Non-vocational practical degrees
Of course, there are more practical subjects that you can earn a degree in that don’t fall into the same ‘vocational’ category. These are typically more creative subjects, like performing arts, animation, music and film, media and television.
This type of degree involves a lot of practical work alongside a smaller amount of written work and revision (often in the form of logbooks, portfolios, or diaries). These are less likely to include written exams but rather, you’ll be evaluated on the work you do across several different units and modules. For performing arts, for example, this will likely mean your grades will be mostly reliant on the productions you put on at the end of each unit, whereas film or media degrees will likely rely on the final production you create.
What our students say:
I’ve really enjoyed the practical modules as they help you try out different roles, from the admin side to writing and camerawork, which show how you’ll be working in the industry. We get to meet a lot of industry professionals during the course. One of the tutors organised an event called Festival in a Day, where people from film and TV came in to give talks and lectures and we got to chat with them and build up our contacts.”Amelia Cornett, BA (Hons) Television
What is a STEM or lab degree?
STEM stands for Science, Technology, Engineering and Mathematics. This type of degree encompasses a range of degrees with subjects that fall under those categories. Most of these courses involve a substantial amount of time spent in lab-based classes alongside lectures and, occasionally, some hands-on work experience depending on the subject.
Despite the acronym, STEM also covers an array of subjects including everything from physics and computer science to subjects like business technology and cyber security and offer a lot of working with your lecturers on projects and other industry experts. Demand for studying the hard sciences has increased rapidly over the years. They offer many career opportunities with high paying salaries straight out of university due to how specialised they are.
What our students say:
It was the fantastic facilities in the Tech Hub that pushed me towards Edge Hill. At the open day we were shown the Virtual Reality room and the robots – you can use them in your everyday studies. They’re not just reserved for postgraduate research, which is amazing and quite rare I think. We were even allowed to set up our own Robotics Club that had access to all the robots and are encouraged to teach ourselves how to interact with them, with the technicians around to help and guide us – that was fun!”Lucie Jones, Engineering – BSc (Hons) Robotics and Artificial Intelligence
What is a foundation degree?
Foundation degrees are vocational courses that give you role-specific skills sought-after by employers. This type of degree is ideal if you are looking to gain an undergraduate qualification without committing to a Bachelors course, whether that’s to gain new skills for the workplace, studying flexibly while you work, or to open doors to a Bachelors degree further down the line. Full-time study usually takes two years to complete and is equivalent to two-thirds of a Bachelors degree or Higher Education Diploma (HND or DipHE).
What our students say:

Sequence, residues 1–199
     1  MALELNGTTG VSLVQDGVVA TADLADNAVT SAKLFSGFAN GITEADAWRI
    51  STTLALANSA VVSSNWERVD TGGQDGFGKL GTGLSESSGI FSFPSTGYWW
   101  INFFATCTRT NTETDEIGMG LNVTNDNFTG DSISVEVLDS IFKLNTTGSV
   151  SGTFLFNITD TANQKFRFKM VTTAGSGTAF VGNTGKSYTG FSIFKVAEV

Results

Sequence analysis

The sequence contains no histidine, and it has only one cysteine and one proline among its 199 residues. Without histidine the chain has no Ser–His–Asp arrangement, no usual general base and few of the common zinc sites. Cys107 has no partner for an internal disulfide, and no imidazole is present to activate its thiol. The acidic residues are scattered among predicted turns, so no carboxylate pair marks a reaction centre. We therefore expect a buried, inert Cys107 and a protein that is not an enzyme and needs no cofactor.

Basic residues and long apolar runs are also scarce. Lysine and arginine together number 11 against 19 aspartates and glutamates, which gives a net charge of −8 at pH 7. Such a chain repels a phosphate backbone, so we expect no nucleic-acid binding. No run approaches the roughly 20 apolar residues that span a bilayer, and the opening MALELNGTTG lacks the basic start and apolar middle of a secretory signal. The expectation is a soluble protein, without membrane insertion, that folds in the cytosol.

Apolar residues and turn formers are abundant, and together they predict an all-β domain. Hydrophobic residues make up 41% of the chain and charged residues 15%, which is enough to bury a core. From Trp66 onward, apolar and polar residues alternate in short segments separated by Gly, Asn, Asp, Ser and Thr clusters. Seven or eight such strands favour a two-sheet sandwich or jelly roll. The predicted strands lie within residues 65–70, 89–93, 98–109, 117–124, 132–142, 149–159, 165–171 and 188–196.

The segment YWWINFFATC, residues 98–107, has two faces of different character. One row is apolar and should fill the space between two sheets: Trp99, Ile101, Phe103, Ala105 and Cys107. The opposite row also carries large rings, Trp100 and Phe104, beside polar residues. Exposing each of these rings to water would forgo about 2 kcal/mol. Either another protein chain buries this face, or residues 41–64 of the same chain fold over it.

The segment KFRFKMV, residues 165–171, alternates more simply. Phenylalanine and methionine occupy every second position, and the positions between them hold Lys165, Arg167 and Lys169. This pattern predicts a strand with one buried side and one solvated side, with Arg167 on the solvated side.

The course focuses on practical experience. You go out on placement within four months of starting. Everyone gets the opportunity to work in different settings including hospitals, dementia clinics and mental health settings, so you get an idea of where you might like to specialise. I’m set on paediatrics at the moment but, in four years’ time, I might decide I want to be a diabetes specialist or something else. I want to keep my options open and take all the opportunities I can.”Bilal Razaq, MBChB Medicine with Foundation Year
What is an internship?
Internships are also an option with most degree types that can work to bridge the gap between a self-study degree and hands-on experience. An internship is often something you’ll have to seek out yourself, either by finding internship job listings, contacting companies directly or you can speak to Careers who can help you find an internship to be undertaken during your studies, over summer or after you graduate. Once attained, an internship will have you directly working at a company or organisation relevant to your studies, gaining work experience as well as contacts and extra skills along the way.
Be aware that internships come in both paid and unpaid forms, so be sure to factor that in when reaching out to any potential employers. Having an internship under your belt can often show to a potential future employer that you’ve dedicated yourself to your relevant field and can be a nice advantage when interviewing.
What our students say:
The best thing about my Business and Management degree is the process of learning through fun and practical experience. Edge Hill’s commitment to employability provided me with the opportunity to enhance my CV by completing an internship as a part of my employability module. During the placement, I gained many transferable skills, expanded my digital knowledge and business understanding while working with supportive staff members as part of Edge Hill’s marketing team.”Natalia Kosecka, BSc (Hons) Business and Management
So, which type of degree is for you?
Consider how you want to be assessed, what career opportunities you can pursue and, most importantly, what subject you are passionate about and meet the requirements for. Whatever you choose, you’ll discover a place at Edge Hill where you will thrive. A place where you can truly learn, belong and achieve your potential.
June 24, 2022